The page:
38Adjusting the Side Mirrors The next slide shows the blind spot created by the traditional mirror adjustment, which involves a large overlap in what is seen in the three mirrors.Notice that the blind spot with this mirror setting is big enough to easily hide a full-sized vehicle from the view created by the side mirror.
39Cones outline the blind areas caused by traditional mirror settings Traditional side view mirror settings shows same view as rear view mirrorREARMIRRORVIEWTRADITIONAL SETTINGRIGHT BLIND SPOTRIGHT SIDE VIEWLEFT SIDE VIEWTRADITIONAL SETTINGLEFT BLIND SPOT
40Blind Spot—Glare Elimination The enhanced mirror adjustment is pictured on the following slide. While this setting doesn’t eliminate the need for over the shoulder checks, as you can see, this setting does make the side blind spot much, much smaller.All you need to do to achieve the enhanced setting is tilt the mirrors out about 12 degrees so that the side of your vehicle is not visible when you look in the mirrors.
41The BGE enhanced side mirror settings (15 degrees to outside) minimizes right and left side mirror blind areasENHANCED RIGHT SIDE MIRROR VIEWREAR MIRRORVIEWENHANCED LEFT SIDE MIRROR VIEW
42Lane PositionSpace management is an important aspect of driver’s education. Managing the space in our lane of traffic is particularly important.To make it easy to talk about the space within our lane, numbers are assigned to each area. These lane positions allow students to learn to effectively use each part of their lane to improve their line of sight and establish the best separation from other vehicles or obstacles.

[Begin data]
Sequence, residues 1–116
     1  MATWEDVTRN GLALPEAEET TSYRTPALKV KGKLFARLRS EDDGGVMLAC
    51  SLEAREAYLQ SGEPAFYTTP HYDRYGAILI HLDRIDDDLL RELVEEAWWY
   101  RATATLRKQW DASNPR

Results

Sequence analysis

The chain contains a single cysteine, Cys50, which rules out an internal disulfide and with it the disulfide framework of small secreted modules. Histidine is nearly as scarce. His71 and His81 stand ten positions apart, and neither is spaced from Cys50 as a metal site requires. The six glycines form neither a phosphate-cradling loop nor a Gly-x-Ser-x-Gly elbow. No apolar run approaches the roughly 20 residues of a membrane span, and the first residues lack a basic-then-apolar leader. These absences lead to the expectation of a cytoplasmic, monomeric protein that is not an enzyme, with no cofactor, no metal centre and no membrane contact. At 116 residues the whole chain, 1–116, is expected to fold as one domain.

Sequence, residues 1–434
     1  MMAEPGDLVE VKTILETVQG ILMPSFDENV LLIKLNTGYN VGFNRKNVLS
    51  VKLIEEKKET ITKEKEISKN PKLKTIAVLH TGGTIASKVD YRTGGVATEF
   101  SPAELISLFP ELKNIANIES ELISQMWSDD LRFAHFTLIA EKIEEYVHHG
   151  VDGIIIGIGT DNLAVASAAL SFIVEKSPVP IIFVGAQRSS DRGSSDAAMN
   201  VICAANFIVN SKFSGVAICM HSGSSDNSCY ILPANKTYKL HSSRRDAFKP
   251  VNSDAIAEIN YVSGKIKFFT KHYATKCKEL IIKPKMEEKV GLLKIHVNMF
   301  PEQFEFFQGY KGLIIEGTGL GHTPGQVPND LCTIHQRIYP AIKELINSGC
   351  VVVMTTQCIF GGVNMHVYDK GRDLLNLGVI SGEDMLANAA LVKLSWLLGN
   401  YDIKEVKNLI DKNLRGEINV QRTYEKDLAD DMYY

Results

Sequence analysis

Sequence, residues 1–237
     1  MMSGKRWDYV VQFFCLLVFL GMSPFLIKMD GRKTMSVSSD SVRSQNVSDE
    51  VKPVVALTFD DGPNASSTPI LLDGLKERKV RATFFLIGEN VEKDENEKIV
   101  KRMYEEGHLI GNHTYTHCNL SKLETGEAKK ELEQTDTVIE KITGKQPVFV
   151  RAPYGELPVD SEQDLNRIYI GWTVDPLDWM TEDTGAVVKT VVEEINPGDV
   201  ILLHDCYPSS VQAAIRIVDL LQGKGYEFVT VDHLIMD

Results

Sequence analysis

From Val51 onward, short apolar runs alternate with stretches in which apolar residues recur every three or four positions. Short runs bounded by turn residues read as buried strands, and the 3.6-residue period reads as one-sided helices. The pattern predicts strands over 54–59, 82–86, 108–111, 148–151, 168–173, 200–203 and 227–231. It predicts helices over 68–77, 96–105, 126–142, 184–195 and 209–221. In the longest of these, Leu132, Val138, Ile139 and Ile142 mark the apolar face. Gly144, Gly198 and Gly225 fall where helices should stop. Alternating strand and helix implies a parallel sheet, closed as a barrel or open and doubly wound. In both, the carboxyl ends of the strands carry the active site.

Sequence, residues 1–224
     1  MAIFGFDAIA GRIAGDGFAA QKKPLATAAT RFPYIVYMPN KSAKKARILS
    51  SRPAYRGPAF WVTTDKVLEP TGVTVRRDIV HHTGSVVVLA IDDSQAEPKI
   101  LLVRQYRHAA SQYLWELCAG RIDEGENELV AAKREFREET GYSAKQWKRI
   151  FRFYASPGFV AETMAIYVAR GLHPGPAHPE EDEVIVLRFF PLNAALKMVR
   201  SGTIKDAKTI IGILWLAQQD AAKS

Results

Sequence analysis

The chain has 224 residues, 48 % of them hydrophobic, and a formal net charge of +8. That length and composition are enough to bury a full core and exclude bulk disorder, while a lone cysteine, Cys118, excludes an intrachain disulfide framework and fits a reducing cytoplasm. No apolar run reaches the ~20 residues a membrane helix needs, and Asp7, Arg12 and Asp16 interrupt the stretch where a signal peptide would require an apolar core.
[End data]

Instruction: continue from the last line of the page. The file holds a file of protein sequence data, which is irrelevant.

43Straddling the line to avoid a problem Lane Position Options42135Lane position 4 and 5:Straddling the line to avoid a problem
44Making Lane ChangesBecause making lane changes is a potentially troublesome maneuver for most new drivers, we work on a procedure they can use to be sure they are making a safe movement from one lane to another. We use the acronym MSMOG to help them remember where to look and what to look for as they prepare for lane changes.
45Lane Change Acronym Mirror-(Rear View) Signal Mirror-(Side View) Over-the-ShoulderGo
46More Lane Change Considerations Once the students understand how to use MSMOG to be sure it’s safe to change lanes, they are taught to steer smoothly through the lane changes by referring to the lane positions.
47Control Your Tracking Path 1Maintain Your SpeedMove to new laneCancel SignalEvaluate Front & Rear Zone ConditionsGet Best Lane Position342
48Steering TechniquesYou were probably taught to hold the steering wheel at the 10 & 2 positions. But chances are you learned to drive on a vehicle that did not have air bags.And you probably used a hand over hand technique to steer into turns.But your students will be taught pull-push steering. They will hold the wheel at 8 & 4 or at 9 & 3, and learn to turn without crossing their hands—a safer form of steering air-bag equipped vehicles.